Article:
don't literally had to do something radical. the only remedy to remove him from my life was for me to leave dallas i had to leave dallas and i'd leave all my friends behind and completely. move to a different city. who asked sandy. but he wouldn't leave her i just kept saying you know let's be friends let's be friends he wanted it to be more so he told me that he was going to europe and then i never heard anything for a while the word got back to me that he'd been arrested. i hadn't been in dallas in over a year of the only thing i knew to do was to book a flight to dallas to see if i could go through the house listen to the answering machine and try to piece this thing together and eventually think you're going to find out more information and while i was in the dallas house the phone rang and it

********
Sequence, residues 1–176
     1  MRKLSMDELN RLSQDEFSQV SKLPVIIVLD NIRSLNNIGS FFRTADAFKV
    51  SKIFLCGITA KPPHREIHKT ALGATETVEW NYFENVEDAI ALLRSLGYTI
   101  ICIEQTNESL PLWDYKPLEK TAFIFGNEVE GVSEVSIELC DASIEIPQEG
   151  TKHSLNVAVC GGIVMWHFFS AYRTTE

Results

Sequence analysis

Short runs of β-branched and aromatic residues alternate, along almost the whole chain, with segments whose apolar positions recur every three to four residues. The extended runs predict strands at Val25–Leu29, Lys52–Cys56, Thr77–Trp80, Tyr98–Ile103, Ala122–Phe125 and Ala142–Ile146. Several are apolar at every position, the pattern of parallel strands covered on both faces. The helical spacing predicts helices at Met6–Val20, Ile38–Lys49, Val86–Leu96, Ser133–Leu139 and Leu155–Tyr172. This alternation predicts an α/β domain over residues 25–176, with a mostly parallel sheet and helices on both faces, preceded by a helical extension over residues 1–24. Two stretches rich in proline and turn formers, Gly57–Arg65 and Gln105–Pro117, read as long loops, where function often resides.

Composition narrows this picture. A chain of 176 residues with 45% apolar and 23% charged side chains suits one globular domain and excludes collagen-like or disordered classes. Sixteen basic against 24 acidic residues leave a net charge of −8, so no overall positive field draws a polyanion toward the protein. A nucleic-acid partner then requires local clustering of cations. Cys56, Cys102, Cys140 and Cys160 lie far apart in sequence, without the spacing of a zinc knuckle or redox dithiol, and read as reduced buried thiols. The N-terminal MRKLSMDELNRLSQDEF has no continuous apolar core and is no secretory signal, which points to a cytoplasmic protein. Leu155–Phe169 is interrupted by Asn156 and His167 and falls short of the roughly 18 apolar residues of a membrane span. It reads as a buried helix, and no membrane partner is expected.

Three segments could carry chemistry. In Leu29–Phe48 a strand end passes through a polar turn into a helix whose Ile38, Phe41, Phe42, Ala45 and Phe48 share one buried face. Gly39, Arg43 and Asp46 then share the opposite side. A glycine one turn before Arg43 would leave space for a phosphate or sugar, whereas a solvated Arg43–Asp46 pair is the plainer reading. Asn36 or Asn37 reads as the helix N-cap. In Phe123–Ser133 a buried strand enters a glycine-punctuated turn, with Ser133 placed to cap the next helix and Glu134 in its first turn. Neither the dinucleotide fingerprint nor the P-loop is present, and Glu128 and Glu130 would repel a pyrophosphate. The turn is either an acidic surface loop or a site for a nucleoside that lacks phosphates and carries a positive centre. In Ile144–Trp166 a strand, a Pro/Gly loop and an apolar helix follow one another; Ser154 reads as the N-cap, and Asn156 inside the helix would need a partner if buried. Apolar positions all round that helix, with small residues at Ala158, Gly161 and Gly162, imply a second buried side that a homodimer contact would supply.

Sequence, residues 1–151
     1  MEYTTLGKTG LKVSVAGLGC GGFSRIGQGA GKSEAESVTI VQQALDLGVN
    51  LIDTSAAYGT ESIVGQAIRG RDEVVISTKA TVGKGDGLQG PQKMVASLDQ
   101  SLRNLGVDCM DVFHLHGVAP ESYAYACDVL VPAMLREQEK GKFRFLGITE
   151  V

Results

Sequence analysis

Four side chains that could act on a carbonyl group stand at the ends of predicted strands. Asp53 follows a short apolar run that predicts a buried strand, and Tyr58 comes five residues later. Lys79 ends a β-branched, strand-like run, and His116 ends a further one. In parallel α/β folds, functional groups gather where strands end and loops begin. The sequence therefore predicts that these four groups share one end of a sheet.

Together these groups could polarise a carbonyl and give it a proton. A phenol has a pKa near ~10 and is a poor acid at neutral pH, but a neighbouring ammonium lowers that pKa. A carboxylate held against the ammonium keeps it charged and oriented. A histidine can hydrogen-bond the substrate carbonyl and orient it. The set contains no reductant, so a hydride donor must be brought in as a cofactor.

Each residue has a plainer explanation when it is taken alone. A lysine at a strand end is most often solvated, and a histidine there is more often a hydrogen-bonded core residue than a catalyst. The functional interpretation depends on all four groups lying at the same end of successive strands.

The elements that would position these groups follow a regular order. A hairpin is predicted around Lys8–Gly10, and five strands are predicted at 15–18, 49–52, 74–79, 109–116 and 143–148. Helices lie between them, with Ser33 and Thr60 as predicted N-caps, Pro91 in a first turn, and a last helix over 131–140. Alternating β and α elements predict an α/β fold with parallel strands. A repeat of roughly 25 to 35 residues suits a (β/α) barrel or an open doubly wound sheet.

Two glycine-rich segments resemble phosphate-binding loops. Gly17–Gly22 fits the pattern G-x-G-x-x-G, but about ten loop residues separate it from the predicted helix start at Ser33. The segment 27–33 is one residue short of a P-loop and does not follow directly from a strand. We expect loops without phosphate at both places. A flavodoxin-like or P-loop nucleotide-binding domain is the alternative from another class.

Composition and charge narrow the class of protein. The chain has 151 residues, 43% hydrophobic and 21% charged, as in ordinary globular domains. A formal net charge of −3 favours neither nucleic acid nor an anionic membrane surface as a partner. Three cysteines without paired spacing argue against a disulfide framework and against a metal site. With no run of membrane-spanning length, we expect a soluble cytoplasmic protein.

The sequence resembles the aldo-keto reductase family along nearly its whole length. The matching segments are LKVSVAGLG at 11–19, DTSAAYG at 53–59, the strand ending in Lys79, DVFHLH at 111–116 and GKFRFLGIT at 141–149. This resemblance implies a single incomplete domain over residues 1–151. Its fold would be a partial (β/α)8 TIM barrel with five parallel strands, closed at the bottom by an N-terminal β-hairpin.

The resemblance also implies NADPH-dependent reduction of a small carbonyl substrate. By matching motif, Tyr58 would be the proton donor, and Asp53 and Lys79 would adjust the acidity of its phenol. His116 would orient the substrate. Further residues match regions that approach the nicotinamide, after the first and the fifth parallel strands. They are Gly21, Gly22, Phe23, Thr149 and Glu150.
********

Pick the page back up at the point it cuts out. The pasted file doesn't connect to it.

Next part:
was sandy's german legal counsel who had been assigned to the case in germany and at that time he. gave me very thin details but said that he had been arrested for manufacturing ecstasy and that he wanted to reach an attorney for him there dallas it was a pretty interesting revelation but i did there was money in the safe that was in the house in dallas and i took my. i retained an attorney to go over and meet with him in germany. seven months after sandy has been arrested and i pull into the garage of my car is rushed by law enforcement people who are screaming and have a gun out and they're pointing it at my face i'm being told you know you're in hot water we know that your husband was arrested we know you know we know you visited him in germany and they said we know you have information and all you have to do is